To play Gin Rummy, you need the following:
- Two players: If more than two people want to play, you may want to send the extras out for ice cream or a walk.
- A standard deck of 52 cards: No jokers allowed in the Gin house.
- Paper and pencil for scoring.
Getting a fair deal
Both players get ten cards. The dealer turns the rest of the cards into the stock by placing them in the center of the table and turning over the first card. The upcard is offered to the nondealer first. If he doesn’t want the upcard, the dealer may take it, and then play continues. Gin Rummy play resembles regular Rummy, except for how you go out, and the fact that you do not put down combinations mid-hand.
The first upcard is a free card; be prepared to take it, even if it has no relevance to your hand because the option reverts to your opponent if you don’t take advantage of it. If nothing else, taking the card misleads your opponent about the combinations in your hand. You cannot take up the discard and then immediately put it down — just as at Rummy.
Going Gin and tallying your score
The most difficult (and therefore rewarding) way to go out and win the game is to put all your cards into melds, which is called going Gin. If you go Gin, you score 25 points, plus the sum of whatever your opponent fails to make into complete combinations — her unconnected cards, or deadwood.
You must pick up a card, either from the stock or the discard pile, before you go Gin.
To better understand how to score points after you win, take a look at the cards in this figure.
The winner collects points from the deadwood in the loser’s hand.
The example opponent has 18 points left: two 4s and two 5s add up to 18 points. Together with the 25 points you get for going Gin, you score 43 points.
You can play to 100 or 250 points, depending on how long you want the contest to last.
Knock, knock! Another way to go out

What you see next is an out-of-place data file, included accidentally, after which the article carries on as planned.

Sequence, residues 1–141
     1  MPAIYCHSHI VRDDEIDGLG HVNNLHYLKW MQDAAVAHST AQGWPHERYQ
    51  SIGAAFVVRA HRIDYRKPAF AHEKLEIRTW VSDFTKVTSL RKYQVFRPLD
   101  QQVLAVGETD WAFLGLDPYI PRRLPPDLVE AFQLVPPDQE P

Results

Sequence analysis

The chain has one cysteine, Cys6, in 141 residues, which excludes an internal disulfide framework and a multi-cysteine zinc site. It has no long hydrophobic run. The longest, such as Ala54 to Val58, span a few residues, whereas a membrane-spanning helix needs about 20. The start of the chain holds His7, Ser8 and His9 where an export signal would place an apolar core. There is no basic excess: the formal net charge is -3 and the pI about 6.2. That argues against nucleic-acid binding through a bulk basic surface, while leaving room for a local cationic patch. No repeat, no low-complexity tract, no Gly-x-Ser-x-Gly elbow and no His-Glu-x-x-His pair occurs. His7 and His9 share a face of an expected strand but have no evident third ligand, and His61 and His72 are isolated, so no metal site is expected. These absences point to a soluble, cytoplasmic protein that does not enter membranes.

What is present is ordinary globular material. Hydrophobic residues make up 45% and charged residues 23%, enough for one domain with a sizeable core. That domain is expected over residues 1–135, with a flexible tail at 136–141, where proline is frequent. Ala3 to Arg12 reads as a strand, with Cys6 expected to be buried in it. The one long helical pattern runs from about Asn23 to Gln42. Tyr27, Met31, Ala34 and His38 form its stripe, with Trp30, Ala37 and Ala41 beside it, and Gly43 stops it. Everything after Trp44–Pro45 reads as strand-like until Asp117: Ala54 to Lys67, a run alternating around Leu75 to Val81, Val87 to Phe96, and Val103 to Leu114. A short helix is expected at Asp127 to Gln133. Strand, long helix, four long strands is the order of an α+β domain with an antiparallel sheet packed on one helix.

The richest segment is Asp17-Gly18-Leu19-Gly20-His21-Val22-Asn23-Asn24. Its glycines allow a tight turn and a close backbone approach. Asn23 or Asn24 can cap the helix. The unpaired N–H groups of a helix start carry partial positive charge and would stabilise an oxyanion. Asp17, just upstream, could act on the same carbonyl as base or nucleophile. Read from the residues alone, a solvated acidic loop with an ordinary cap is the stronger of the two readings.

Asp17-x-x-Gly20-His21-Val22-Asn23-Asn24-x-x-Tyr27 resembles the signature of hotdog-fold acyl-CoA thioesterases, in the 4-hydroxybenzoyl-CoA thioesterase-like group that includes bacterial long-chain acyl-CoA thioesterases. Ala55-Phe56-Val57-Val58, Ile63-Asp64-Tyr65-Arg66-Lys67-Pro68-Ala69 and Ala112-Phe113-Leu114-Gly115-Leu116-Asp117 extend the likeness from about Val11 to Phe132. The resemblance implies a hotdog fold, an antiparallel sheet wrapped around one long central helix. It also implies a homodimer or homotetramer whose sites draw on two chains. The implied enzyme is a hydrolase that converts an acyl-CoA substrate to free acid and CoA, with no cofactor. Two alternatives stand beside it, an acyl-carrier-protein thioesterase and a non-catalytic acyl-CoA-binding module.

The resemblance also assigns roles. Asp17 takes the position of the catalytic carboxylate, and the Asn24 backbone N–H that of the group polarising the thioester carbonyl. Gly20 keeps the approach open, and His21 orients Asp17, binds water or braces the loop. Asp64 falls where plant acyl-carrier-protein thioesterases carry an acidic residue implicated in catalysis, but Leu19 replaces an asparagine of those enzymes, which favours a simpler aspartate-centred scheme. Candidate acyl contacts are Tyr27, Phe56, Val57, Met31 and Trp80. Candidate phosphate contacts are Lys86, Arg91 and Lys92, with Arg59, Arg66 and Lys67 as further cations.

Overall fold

The most intriguing facet of the rules of Gin Rummy, compared to the standard Rummy rules, is that you have more than one way to go out. Instead of forming all your cards into combinations, you have the option to knock (which involves literally tapping the table).
You knock when
- You’ve put almost all your cards into combinations.
- The cards that don’t make melds total less than or equal to 10 points.
If you meet these criteria, you can knock (just once will do — no matter how happy it makes you feel) and then put your cards down on the table.
After you knock, play stops, and the tallying begins. Your score comes from the deadwood — the cards that aren’t part of combinations. If your opponent’s deadwood exceeds yours, you pick up the difference between your total and his. If your opponent’s deadwood doesn’t exceed yours, you must face the consequences.
Sometimes your opponent can outdo you when you knock because he has an additional way to get rid of his deadwood. He can put down his melds, and those cards don’t count toward his score. He can also add his loose cards to your combinations. After your opponent adds any loose cards, only his remaining cards count.
Take a look at the cards in this figure to get an idea of how to score after you knock.
Someone’s knocking at the door; someone’s racking up some points.
If you count up all the cards in this figure, you see that your 5 points against his 28 leaves you with 23 points.